Metagenex: The end of the conflict between inventors and investors of a test for detecting cancer
Translated from LE MONDE | 14.01.10 | 14h48 Updated 14.01.10 | 14h48
( Source paper)
For over three years, the oncologist Patrizia Paterlini-Brechot, head of a research laboratory at the National Institute of Health and Medical Research (Inserm) and founder of the company Metagenex, fought to recover his inventions . This has now been achieved.
An agreement signed in December 2009 with the investors of her company - Axa Private Equity and Banexi Ventures Partners - and with the manager of Metagenex, David Znaty, enables her again to exploit the licenses of patents filed to protect their inventions reveals a statement issued Monday, January 11 by Collectif Interassociatif around birth (Ciane).
This case exemplifies the difficulties that may arise from the exploitation of research results. The Metagenex company, founded in 2001, aimed to commercialize blood tests to detect cancer and to perform prenatal diagnosis on a simple blood sample and thus detect fetal genetic disorders, such as trisomy 21, cystic fibrosis or spinal muscular atrophy, without risk of miscarriage, unlike current techniques by amniocentesis (for trisomy 21), leading to about 1% of miscarriages.
The founders of Metagenex agreed investors in 2006. Shortly after, a conflict against each other arose, investors wishing to market the tests, while the inventors believed that the tests were not yet fully developed and were bringing the risk of false diagnoses.
The controversy took a particular twist as the husband of Ms. Paterlini-Brechot was none other than Christian Brechot, director general of INSERM. To avoid any conflict of interest with his employer, co-owner of the patents licenced to Metagenex with the Assistance Publique-Hôpitaux de Paris and Université Paris-Descartes, he resigned from his position in October 2007.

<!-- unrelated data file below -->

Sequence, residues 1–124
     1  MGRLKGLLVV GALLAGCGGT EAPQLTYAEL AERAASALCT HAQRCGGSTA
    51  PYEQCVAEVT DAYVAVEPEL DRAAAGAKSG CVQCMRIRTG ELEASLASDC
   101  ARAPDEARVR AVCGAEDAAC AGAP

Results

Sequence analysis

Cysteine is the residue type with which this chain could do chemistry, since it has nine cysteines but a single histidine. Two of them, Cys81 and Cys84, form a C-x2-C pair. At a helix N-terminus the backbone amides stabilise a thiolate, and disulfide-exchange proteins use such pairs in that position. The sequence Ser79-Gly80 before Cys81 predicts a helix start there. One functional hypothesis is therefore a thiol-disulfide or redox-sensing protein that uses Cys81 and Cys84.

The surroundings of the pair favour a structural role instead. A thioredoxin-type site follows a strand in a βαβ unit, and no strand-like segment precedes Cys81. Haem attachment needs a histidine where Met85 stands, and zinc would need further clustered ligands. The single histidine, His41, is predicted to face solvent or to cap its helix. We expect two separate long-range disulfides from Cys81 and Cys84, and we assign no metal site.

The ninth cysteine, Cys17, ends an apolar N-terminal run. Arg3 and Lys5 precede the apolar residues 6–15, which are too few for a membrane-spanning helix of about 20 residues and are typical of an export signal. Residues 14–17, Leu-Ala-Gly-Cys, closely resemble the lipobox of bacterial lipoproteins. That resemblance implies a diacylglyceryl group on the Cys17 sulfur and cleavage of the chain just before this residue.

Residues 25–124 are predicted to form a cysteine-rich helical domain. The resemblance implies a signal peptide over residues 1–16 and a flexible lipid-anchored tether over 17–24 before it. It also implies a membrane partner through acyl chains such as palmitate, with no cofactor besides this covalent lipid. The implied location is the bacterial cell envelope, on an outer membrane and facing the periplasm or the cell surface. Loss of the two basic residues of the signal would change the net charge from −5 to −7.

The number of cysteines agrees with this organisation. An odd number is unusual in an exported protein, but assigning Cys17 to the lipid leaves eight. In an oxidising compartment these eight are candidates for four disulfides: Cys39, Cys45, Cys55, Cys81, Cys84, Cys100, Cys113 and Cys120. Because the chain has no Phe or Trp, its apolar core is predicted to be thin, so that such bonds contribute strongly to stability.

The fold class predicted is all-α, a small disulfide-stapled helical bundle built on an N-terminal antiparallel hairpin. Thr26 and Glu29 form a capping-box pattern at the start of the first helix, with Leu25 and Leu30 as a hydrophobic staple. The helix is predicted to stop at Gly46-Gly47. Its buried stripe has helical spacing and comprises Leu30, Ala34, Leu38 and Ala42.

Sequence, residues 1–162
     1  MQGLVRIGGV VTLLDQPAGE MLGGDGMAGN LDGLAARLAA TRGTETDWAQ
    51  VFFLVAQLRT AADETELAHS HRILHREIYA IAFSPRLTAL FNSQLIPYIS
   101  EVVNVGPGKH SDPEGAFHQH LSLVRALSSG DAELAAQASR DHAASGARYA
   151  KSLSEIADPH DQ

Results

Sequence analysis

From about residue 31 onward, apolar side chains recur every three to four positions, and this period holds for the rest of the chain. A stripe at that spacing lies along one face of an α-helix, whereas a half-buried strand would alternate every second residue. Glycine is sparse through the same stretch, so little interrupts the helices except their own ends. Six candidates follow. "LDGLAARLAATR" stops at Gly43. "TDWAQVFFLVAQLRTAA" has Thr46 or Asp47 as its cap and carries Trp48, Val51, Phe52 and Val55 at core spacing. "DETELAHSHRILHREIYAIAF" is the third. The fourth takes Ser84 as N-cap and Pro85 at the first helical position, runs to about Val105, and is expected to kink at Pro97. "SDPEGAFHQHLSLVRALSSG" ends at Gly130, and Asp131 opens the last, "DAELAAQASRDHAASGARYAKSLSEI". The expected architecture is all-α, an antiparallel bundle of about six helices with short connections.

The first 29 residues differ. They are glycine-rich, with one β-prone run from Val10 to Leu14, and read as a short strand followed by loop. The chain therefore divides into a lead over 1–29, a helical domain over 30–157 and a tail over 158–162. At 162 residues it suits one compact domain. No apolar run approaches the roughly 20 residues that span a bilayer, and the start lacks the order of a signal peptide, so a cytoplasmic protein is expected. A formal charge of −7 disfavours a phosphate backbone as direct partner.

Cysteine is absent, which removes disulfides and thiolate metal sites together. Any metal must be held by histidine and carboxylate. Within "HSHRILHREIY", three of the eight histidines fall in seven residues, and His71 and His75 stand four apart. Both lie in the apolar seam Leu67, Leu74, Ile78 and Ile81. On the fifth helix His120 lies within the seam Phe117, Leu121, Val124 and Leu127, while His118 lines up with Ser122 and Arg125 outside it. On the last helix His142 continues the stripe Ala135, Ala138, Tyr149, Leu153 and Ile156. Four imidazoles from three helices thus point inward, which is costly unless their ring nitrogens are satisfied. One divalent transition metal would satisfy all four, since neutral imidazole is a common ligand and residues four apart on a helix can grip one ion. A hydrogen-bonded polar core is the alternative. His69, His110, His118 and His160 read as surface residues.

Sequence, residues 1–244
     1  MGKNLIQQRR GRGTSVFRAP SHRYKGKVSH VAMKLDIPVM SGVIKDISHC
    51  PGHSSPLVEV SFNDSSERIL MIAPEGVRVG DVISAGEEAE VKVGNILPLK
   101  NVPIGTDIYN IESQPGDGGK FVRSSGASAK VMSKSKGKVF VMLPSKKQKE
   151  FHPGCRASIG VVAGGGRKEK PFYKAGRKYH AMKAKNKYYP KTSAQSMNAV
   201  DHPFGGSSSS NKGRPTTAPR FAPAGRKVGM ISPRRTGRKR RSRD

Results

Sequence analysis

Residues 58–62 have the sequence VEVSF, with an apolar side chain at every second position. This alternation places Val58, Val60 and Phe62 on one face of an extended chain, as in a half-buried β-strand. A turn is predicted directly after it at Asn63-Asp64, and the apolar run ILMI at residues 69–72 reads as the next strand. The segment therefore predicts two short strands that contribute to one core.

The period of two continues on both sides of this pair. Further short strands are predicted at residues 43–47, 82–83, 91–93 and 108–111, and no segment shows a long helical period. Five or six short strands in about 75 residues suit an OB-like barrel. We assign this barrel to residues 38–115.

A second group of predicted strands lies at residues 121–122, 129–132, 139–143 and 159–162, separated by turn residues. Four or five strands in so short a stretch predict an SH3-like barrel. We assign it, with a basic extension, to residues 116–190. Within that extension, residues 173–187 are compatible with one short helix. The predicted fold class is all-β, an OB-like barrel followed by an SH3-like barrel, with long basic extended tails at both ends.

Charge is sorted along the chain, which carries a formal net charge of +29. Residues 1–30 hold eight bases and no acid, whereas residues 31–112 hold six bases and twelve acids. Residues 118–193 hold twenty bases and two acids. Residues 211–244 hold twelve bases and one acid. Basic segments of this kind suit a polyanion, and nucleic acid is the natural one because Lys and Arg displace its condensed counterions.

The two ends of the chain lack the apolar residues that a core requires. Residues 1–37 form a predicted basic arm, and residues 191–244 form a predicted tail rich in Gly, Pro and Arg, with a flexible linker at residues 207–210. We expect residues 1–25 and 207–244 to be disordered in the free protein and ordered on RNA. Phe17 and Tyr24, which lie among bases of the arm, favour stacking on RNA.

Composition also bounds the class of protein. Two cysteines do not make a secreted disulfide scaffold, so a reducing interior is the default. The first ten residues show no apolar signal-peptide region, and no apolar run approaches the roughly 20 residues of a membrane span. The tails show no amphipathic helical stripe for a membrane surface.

The agreement appears to meet the interests of all the actors of the conflict. Mr. Bréchot first, who has no more litigantion with the investors of Metagenex. Ms. Paterlini-Brechot then, who just created a new company, Rarecells to exploit her inventions. Following this agreement, Rarecells gets the exclusive licenses of three patents essential to valorization of the discovery and the co-license the first patent. Ms. Paterlini-Brechot will thus continue to develop tests for both prenatal diagnosis and for cancer screenings.
Some prenatal diagnostic tests have passed clinical trials of phase 3 and can be quickly placed on the market. To the satisfaction of many patient groups and in particular Ciane. As for tests for cancer screening, clinical trials will start. They will be marketed within two to three years if trials are successful. It will be possible to detect cancer cells by a simple blood test before they are visible with medical imaging systems, says Ms. Paterlini-Brechot.
“We’re both winners,” said the leader of Metagenex, renamed Screencells. Only the first patent, of which the company keeps the co-licensee, is necessary for his strategy: the development of blood tests, not to detect cancer but to develop personalized treatments. “These tests will monitor non-invasively, that is to say, without puncturing the evolution of the tumor, and to tailor treatment,” explains Yvon Cayre, Consultant for Research and Development for Screencells.